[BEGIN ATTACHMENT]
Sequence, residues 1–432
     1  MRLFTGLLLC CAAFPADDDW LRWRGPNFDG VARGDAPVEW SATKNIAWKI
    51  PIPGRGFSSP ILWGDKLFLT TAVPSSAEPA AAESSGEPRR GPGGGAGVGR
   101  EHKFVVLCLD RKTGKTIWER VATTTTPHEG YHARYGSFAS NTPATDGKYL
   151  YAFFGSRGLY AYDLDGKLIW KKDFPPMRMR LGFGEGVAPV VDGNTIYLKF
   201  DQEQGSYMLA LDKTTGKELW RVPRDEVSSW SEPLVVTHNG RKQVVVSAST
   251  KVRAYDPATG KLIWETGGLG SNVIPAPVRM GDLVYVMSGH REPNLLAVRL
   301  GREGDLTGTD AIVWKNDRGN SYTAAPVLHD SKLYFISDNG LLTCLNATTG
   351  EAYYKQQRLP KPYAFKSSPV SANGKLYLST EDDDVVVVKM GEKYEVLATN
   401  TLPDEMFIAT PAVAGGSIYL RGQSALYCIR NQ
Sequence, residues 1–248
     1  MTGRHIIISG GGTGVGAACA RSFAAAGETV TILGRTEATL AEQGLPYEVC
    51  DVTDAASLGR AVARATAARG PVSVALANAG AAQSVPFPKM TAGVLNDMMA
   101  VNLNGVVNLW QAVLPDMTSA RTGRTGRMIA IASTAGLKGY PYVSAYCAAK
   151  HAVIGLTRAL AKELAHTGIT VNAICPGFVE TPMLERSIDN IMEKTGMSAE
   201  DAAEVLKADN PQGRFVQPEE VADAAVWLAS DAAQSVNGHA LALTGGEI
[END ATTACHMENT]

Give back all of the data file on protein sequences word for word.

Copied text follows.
Sequence, residues 1–432
     1  MRLFTGLLLC CAAFPADDDW LRWRGPNFDG VARGDAPVEW SATKNIAWKI
    51  PIPGRGFSSP ILWGDKLFLT TAVPSSAEPA AAESSGEPRR GPGGGAGVGR
   101  EHKFVVLCLD RKTGKTIWER VATTTTPHEG YHARYGSFAS NTPATDGKYL
   151  YAFFGSRGLY AYDLDGKLIW KKDFPPMRMR LGFGEGVAPV VDGNTIYLKF
   201  DQEQGSYMLA LDKTTGKELW RVPRDEVSSW SEPLVVTHNG RKQVVVSAST
   251  KVRAYDPATG KLIWETGGLG SNVIPAPVRM GDLVYVMSGH REPNLLAVRL
   301  GREGDLTGTD AIVWKNDRGN SYTAAPVLHD SKLYFISDNG LLTCLNATTG
   351  EAYYKQQRLP KPYAFKSSPV SANGKLYLST EDDDVVVVKM GEKYEVLATN
   401  TLPDEMFIAT PAVAGGSIYL RGQSALYCIR NQ
Sequence, residues 1–248
     1  MTGRHIIISG GGTGVGAACA RSFAAAGETV TILGRTEATL AEQGLPYEVC
    51  DVTDAASLGR AVARATAARG PVSVALANAG AAQSVPFPKM TAGVLNDMMA
   101  VNLNGVVNLW QAVLPDMTSA RTGRTGRMIA IASTAGLKGY PYVSAYCAAK
   151  HAVIGLTRAL AKELAHTGIT VNAICPGFVE TPMLERSIDN IMEKTGMSAE
   201  DAAEVLKADN PQGRFVQPEE VADAAVWLAS DAAQSVNGHA LALTGGEI